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Celebrating an occasion? Here’s why you should pop a bottle of Cristal 2008

Champagne maker Louis Roederer's move towards organic and biodynamic winemaking and longer ageing in the cellar has made the bubbly a real treat.

The Cristal 1996 vintage is considered one of the finest bubblies to emerge from the renowned champagne house of Louis Roederer. But Jean-Baptiste Lecaillon, Louis Roederer’s chef de cave or cellar master, was candid enough to tell CNA Luxury that it wasn’t that great. “During the blending, the acidity was very high, and the wine also lacked a little weight or density,” recalled the 53-year-old. “It was a good [vintage] but we were a little disappointed with it – everything wasn’t well put together. Something was missing.”

Lecaillon headed back to the vineyards to find out what went wrong. Realising that their use of herbicides could have been part of the problem, he decided to start organic farming – a rare practice from big champagne producers then. In 2000, he started getting rid of chemicals such as herbicides and synthetic fertilisers, and shifted to greener methods like using organic composts from a cattle farm.

Today, more than 50 percent of Louis Roederer’s 243 hectares of vineyards are certified organic, while 10 hectares are certified biodynamic. The latter is an esoteric form of organic farming that embraces astrological ideas like pruning and harvesting according to moon phases. Lecaillon is in no rush to certify more biodynamic plots. Biodynamic agriculture remains a strange yet fascinating concept to him: Some field preparations, such as spraying the vines with a mixture from manure buried in a cow horn, still bemuse him despite their efficacy.

“I don’t want to be dogmatic about [biodynamic winemaking]. Some of its ideas sound a bit crazy to me,” he said. “I’m a pragmatic man so I stick to what works. I think the organic certification is already a good base for us. It all starts in the vineyards: 80 per cent of the winemaking happens there.” Louis Roederer’s flagship Cristal, Cristal Rose, and Blanc de Blancs are made from grapes from organically certified vineyards.     

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For the much-anticipated Cristal 2008, which was launched in Singapore in June, 40 percent of its Pinot Noir and Chardonnay grapes came from the maison’s biodynamic vineyards. The 2008 is the eighth vintage of Cristal to be released over the past decade: Previous vintages were 2000, 2002, 2004, 2005, 2006, 2007, and 2009. (Yes, the younger 2009 was released in 2017, before the 2008. But more on this later.)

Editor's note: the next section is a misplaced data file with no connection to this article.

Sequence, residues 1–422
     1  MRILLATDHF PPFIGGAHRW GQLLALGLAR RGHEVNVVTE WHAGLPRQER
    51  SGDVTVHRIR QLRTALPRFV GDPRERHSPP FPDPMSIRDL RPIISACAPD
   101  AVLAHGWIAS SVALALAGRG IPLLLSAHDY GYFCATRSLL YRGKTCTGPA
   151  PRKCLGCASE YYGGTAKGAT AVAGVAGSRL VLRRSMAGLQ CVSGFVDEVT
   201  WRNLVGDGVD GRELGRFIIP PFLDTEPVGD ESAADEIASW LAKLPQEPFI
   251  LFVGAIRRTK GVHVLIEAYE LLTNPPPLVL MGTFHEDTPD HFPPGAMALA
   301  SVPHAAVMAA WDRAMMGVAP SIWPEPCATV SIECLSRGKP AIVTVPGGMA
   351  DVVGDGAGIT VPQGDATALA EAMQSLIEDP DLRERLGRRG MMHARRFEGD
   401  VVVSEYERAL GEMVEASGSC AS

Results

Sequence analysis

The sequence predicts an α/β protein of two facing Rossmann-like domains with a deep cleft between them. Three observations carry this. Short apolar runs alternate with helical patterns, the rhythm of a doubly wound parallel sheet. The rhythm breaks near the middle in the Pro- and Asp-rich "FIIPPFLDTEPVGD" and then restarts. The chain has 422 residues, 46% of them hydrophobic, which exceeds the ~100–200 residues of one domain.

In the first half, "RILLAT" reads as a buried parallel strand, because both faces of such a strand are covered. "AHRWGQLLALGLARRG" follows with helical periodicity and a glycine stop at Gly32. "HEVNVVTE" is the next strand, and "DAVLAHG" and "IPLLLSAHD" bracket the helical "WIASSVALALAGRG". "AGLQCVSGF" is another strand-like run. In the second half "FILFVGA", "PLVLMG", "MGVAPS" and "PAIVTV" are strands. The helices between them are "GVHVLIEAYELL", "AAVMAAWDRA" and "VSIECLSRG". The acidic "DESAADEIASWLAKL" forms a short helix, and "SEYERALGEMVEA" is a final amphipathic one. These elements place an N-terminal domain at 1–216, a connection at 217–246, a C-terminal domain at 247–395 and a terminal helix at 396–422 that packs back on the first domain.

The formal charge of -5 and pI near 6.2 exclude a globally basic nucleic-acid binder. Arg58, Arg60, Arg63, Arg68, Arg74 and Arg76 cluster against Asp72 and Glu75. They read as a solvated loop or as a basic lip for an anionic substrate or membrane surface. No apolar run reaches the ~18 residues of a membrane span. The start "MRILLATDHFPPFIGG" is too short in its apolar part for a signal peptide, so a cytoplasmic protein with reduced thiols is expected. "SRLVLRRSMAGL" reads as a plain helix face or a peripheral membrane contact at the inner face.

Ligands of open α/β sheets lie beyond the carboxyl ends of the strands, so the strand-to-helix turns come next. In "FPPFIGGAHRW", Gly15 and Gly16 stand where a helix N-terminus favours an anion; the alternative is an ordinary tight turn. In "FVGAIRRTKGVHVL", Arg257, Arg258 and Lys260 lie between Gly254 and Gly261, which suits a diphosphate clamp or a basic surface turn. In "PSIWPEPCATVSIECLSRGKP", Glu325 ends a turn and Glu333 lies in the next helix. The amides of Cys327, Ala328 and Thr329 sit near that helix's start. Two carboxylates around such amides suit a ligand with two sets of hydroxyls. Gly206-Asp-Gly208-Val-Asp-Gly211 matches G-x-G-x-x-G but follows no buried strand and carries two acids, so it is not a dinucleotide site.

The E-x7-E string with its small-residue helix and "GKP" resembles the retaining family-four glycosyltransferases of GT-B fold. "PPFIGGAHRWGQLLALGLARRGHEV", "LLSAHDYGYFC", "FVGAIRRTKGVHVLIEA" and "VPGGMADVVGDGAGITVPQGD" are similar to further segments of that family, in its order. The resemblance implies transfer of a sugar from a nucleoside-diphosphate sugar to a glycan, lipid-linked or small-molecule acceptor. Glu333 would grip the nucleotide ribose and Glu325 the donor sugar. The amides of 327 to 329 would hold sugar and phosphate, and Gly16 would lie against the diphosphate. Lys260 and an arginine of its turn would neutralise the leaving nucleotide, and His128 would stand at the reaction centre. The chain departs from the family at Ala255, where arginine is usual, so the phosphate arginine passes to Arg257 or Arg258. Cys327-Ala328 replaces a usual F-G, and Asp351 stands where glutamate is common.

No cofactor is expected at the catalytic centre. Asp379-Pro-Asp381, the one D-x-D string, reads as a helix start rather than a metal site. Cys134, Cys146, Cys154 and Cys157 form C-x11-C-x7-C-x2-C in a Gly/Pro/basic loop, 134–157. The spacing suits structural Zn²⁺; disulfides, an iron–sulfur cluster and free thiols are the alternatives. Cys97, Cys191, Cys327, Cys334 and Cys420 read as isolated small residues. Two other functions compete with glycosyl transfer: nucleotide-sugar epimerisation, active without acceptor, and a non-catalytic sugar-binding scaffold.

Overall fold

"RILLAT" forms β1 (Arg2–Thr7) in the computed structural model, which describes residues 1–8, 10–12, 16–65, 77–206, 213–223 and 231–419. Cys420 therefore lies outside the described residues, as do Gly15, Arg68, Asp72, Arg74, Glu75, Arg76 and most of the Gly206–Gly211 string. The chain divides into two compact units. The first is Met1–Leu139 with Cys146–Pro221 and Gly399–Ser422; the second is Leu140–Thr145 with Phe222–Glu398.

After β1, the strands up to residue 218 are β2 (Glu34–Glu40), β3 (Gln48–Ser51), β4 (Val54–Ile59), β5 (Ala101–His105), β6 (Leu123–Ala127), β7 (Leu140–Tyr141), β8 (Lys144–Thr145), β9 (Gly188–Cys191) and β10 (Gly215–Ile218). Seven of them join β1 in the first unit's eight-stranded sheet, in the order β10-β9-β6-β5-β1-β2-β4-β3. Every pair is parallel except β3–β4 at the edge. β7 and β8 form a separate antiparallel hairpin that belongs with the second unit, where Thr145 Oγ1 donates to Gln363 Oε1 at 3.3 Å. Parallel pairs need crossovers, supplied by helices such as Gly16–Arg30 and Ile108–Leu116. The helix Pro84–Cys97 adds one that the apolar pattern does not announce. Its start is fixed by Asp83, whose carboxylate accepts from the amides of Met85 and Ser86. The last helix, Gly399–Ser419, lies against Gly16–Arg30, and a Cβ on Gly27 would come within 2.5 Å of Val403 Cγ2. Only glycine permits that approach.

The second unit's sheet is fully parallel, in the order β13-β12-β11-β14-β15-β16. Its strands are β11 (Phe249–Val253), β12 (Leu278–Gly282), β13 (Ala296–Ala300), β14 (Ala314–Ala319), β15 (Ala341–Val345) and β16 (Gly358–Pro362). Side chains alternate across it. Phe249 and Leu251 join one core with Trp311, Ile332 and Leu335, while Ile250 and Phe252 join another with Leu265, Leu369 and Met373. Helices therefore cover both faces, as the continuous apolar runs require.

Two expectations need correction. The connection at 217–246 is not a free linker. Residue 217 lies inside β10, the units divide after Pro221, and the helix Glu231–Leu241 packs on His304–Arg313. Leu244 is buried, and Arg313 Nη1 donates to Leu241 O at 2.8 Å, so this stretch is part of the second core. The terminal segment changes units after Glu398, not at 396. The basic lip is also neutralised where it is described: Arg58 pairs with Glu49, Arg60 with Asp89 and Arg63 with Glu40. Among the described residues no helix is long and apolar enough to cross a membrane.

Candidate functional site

The Cristal 2008 is nothing short of spectacular. Aged on the lees (yeast sediments) for nine years, the bubbly offers a lovely amber hue and that distinctive Cristal bouquet of ripe apples and toasted almonds. On the palate, acidity is lean and pleasant, while the intense notes of citrus and candied fruit are wrapped up in smooth and round textures. It is simply hard not to love this wine. It has much ageing potential ensconced within its lush structure, but you’d be forgiven for immediate gratification. Anyway, the future doesn’t look cheery, what with trade wars and economic doldrums on the horizon. Oh heck, enjoy this ambrosia now while the sun is shining.

“The [Cristal] 2008 and 2002 are, in my opinion, the two best vintages from 2000 to 2010. It certainly ranks among the top ten vintages I have done in the past 30 years,” said Lecaillon. “The 2008 is about finesse. It has everything I am looking for: Precision, elegance, and freshness. I wouldn’t call it the best Cristal, but it is the Cristal of Cristals.” He recommends pairing it with seafood like scallops, oysters and lobsters – without heavy sauces – and sashimi. Over a wine-pairing lunch at Madame Fan, we found out that it also worked very well with chicken rice. Just go easy on the chilli.

For Lecaillon, the 2008 was also a redemption of sorts for the 1996 vintage, which he thought was “too acidic and tight” and should have had more time on the lees instead of just six years. When he was preparing the 2008 for disgorgement (the removal of dead yeast deposits in the bottle) after the wine had spent about seven years in the bottle, he realised that it was still acidic and austere, much like how the 1996 had been prior to its release. Hoping to avoid the same mistake, he held off the release of the 2008 and let it age on its lees for a few more years. It was a wise move.

“The vintage conditions for 2008 were cool and dry, so the grapes had a long ripening process and, like the 1996, were also very acidic when picked. When it is an acid-driven and less ripe vintage, it needs more time on the lees to add texture to it,” said Lecaillon.

The Cristal 2009, on the other hand, was born from a ripe year, and thus required less time on the lees because “you already have a lot of texture and roundness in it”. This explains why the 2009 was released before the 2008.

The next Cristal will be a 2012, which is slated for a January 2020 launch, and will be the first to be made entirely from fruit from biodynamic vineyards. (There wouldn’t be any Cristal 2010 and 2011, as those vintages were not good enough.) Lecaillon considers the 2012 a significant release for the maison’s flagship cuvee, and believes the wine’s 100 percent biodynamic origins will help the bubbly to age very well. “It will have more complexity, more of everything,” he said.

Louis Roederer’s Cristal 2008 is available from Grand Vin.

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Source: CNA/ds